The Unhappiest Lady in Christendom
By Alison Weir
The Unhappiest Lady in Christendom by historian Alison Weir is an e-short and companion piece to the spellbinding third novel in the Six Tudor Queens series, Jane Seymour: The Haunted Queen
The Unhappiest Lady in Christendom by historian Alison Weir is a captivating e-short and companion piece to the third novel in the Six Tudor Queens series, Jane Seymour: The Haunted Queen.
I was to be chief mourner - I, for whom Queen Jane had done more than anyone. She could never have filled the shoes of my dear, sainted mother - no one could - but she had done her very best to restore me to my rightful place in my father's affections, and for that I shall always be grateful.
Henry VIII's third queen is dead, leaving the King's only son without a mother and the country without a queen. And as preparations are being made for Queen Jane's funeral, her stepdaughter, the Lady Mary, laments the country's loss.
But, only a month later, the King has begun his search for a new wife. Will Mary accept this new queen, or will she be forced to live in the shadows of Queen Katherine, Queen Anne Boleyn and Queen Jane for ever?
Featuring the first chapter of Jane Seymour: The Haunted Queen.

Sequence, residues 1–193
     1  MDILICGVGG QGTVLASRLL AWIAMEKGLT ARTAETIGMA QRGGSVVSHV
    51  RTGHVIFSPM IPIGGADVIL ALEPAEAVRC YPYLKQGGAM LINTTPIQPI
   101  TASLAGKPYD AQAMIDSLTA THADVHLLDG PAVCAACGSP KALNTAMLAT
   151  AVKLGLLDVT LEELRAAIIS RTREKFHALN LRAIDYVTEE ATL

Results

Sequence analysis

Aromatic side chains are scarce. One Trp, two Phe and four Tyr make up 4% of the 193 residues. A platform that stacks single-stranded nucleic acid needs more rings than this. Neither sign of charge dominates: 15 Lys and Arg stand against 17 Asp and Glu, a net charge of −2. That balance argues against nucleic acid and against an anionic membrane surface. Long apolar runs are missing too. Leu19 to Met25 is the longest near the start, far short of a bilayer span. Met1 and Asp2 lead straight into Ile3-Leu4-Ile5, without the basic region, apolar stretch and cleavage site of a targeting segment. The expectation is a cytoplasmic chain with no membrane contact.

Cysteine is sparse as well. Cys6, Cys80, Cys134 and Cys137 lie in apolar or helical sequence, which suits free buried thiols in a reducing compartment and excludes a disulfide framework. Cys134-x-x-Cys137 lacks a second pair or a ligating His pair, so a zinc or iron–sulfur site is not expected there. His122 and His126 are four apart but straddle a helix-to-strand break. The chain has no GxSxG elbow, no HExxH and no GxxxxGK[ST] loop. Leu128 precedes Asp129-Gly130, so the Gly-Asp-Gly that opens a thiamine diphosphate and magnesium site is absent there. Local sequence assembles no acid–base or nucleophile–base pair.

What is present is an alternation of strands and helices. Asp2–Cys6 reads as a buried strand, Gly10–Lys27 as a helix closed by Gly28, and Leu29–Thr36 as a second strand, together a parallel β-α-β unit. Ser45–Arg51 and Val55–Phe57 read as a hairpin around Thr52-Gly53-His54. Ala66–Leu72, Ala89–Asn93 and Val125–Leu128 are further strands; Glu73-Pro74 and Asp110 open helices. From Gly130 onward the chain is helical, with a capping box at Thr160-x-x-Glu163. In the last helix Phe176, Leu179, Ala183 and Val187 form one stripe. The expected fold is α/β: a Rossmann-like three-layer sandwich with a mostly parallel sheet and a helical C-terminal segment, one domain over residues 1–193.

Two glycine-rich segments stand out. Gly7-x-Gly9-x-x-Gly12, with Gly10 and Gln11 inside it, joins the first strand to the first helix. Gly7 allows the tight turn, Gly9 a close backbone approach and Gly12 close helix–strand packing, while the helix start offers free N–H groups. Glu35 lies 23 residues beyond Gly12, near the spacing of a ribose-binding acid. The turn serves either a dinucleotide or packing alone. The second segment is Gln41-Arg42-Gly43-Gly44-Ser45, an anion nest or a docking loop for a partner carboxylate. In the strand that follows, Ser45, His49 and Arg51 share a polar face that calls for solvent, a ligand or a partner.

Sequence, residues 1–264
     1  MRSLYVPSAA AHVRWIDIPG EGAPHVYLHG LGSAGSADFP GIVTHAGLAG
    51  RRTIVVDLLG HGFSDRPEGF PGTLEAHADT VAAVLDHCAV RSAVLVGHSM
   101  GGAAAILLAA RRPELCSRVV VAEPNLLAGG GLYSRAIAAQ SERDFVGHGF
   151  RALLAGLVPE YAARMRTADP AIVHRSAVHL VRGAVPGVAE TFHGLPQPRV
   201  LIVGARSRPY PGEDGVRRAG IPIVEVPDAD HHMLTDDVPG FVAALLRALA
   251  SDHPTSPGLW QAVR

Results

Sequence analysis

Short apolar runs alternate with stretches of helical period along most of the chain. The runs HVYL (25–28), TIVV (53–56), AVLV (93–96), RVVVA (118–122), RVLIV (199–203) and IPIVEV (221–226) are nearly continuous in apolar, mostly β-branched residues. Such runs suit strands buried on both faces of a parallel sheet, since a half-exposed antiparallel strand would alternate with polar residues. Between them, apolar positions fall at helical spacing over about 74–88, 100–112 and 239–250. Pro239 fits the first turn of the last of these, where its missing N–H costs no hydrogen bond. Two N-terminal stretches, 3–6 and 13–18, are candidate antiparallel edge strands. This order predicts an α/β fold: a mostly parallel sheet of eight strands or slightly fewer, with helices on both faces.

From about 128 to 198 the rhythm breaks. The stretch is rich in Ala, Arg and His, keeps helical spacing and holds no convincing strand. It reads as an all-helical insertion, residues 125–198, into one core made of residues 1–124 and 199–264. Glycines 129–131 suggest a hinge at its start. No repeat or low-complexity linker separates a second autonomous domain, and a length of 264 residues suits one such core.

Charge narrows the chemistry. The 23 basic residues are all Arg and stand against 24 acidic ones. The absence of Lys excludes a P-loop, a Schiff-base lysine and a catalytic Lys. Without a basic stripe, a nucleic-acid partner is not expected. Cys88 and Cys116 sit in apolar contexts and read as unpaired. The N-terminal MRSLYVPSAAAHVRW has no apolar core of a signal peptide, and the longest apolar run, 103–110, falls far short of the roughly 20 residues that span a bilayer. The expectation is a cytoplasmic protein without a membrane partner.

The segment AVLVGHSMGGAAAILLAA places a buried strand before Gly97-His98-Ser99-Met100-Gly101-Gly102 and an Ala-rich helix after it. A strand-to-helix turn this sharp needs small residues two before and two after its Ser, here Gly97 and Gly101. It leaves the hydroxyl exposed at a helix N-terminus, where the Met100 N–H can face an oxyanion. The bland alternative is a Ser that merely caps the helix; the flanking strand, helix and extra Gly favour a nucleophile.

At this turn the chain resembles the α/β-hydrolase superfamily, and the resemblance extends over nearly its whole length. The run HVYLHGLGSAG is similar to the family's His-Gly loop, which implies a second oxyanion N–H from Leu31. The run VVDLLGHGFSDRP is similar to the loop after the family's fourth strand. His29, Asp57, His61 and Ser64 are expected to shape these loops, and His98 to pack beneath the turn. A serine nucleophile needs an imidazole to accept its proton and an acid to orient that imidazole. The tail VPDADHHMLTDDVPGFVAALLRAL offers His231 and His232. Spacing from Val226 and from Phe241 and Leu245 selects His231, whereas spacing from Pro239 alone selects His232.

SIX TUDOR QUEENS. SIX NOVELS. SIX YEARS.
Alison Weir is the top-selling female historian in the United Kingdom, and has sold over 2.7 million books worldwide. She has published eighteen history books, including Elizabeth the Queen, Eleanor of Aquitaine, The Lady in the Tower and Elizabeth of York, and seven historical novels. Her latest biography is Queens of the Conquest, and her latest novel is Anne Boleyn: A King's Obsession, the second in her Six Tudor Queens series. Jane Seymour: The Haunted Queen will be published in May 2018.
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- Publication date:
06 Sep 2018
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Alison Weir's wonderfully detailed novel offers a spellbinding solution to the mystery of Anne's true nature . . . Enthralling — Sarah Gristwood
Anne Boleyn as you have never seen her before — Tracy Borman
Alison Weir makes history come alive as no one else — Barbara Erskine
Weir is excellent on the little details that bring a world to life — Guardian